Women veterans sometimes feel alone in their search for avenues of rehabilitation of both physical and psychological injuries suffered while they served in the military. Recently two women in the Pittsburgh area, one a veteran and one not, combined their efforts to bring together two non-profits that are shaping up to be a perfect fit for each other.
Amanda Thompson is the Program Lead for the Pittsburgh program of Project Healing Waters Fly Fishing, a non-profit dedicated the rehabilitation of veterans suffering from a service connected disability, while Patti Gerhauser is the Women Veterans Program Coordinator for the Veterans Leadership Program whose mission is to empower veterans to navigate the transitions of life. When Thompson told Gerhauser that she doesn’t have many women veterans in PHWFF, Gerhauser asked if she could bring a group to an outing, and started recruiting attendees.
On a beautiful October day in western PA, members of both groups met at the Ambridge District Sportsmen’s Association, a local sportsmans club who offered the use of their stocked pond for a fly fishing outing. There, they made new friends, bonded, shared common background stories, and realized that they do not have to be overshadowed in a world where male veterans frequently seem to receive the most attention.
Gerhauser explained, “My job at Veterans Leadership Program is to find the women veterans, cause lots of times they’re much harder to find; a lot of women don’t identify as veterans, they don’t let people know they’re veterans. I’m trying to get women to be proud of their veteran status”.
One of the barriers to finding women veterans is their reluctance to be in the minority around a group of predominantly male veterans, sometimes due to unpleasant events in their past. Gerhauser went on to say, “Amanda was very accommodating and understanding of the situation. A lot of our women can be uncomfortable around larger groups of men, so Amanda specifically recruited a bunch of female volunteers for them”. Thompson agreed, saying, “Today was really special. We wanted them to just come out and have fun. They could be totally comfortable today, because all of their volunteer instructors were women”.
Fly fishing is an activity that can be very relaxing, and requires total concentration, which distracts the veterans from issues that may be bothering them. It allows them focus on and direct their energies towards a positive purpose. And it can be just as enjoyable for women as for men. In fact, Thompson feels that women may even have the edge in this sport. “Women may actually have an advantage here. It’s not a power thing, it’s a finesse thing. We didn’t get overly technical with instructions here, just the basics, and go fish; that was the point of today”, she said.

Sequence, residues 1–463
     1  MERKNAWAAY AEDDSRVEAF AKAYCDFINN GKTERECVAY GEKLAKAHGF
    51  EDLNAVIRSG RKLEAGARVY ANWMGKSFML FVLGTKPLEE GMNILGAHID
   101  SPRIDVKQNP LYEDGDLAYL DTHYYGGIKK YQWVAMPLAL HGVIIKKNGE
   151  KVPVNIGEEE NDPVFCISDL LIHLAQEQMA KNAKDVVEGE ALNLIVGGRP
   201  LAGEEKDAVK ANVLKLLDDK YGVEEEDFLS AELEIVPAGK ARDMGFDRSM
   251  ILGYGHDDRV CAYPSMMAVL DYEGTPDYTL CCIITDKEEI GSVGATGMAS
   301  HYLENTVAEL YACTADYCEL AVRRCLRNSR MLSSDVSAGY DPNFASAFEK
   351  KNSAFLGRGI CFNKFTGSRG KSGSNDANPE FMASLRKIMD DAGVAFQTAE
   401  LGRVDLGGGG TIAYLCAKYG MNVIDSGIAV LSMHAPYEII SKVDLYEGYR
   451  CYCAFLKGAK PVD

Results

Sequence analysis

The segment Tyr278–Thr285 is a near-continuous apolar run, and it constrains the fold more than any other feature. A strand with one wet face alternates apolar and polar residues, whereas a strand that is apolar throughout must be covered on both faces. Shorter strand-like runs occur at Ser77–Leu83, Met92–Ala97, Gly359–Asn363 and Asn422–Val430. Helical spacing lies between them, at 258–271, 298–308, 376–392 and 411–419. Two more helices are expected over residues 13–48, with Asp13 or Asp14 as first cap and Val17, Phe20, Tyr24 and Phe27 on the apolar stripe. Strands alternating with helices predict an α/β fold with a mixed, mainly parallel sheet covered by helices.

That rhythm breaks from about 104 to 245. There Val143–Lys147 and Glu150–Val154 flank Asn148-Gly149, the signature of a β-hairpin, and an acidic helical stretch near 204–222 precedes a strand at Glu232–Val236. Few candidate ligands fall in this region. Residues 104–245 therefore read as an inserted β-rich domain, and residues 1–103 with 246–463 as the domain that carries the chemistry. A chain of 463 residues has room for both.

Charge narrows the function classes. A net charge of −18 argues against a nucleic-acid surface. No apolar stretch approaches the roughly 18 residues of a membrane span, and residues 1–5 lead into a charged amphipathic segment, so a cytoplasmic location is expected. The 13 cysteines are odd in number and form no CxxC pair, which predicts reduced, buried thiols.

One of the women veterans from VLP enjoying the day was Shalina Wall, a veteran of both the Army and Navy. She had never been fly fishing, but jumped at the opportunity to try
something new. She joined eight other women veterans to come out for the day. She was especially grateful to those that supported the day’s event, saying, “Even though we never met most of the people here, they’d stop by our table at lunch to say Hi and ask us some questions. I was so humbled and thankful. I’d like to thank organizations like this, Project Healing Waters and the sportsmans club, for welcoming us”.
Another group showing their support was the Three Rivers Dutch Ovens, a club that gets together to share recipes and meals, all cooked exclusively in heavy cast iron dutch ovens over open fires. Their members spent the morning working on their specialties, before filling a few long tables with a variety of food that covered the spectrum, and won’t soon be forgotten by the veterans.
The women veterans all agreed that there needs to be more opportunities to attract and engage female veterans. Besides being able to find resources that are available to them, they have much to offer each other. “Women need opportunities to share experiences with other women, there is so much knowledge and wisdom among them”, according to Gerhauser.
Both groups saw positive results in the days outing, and forecast more events and bonding in the future. Thompson said that she is looking forward to seeing the new participants at fly tying and educational classes as they get more involved in the program, and hopes that they will share their positive experience with other women veterans within the VLP program. Gerhauser supported that, “I have a feeling that when we partner for our next event together, we’re going to have a bigger turnout for sure”.
For more information on these two organizations, visit their websites at www.projecthealingwaters.org and www.veteransleadershipprogram.org.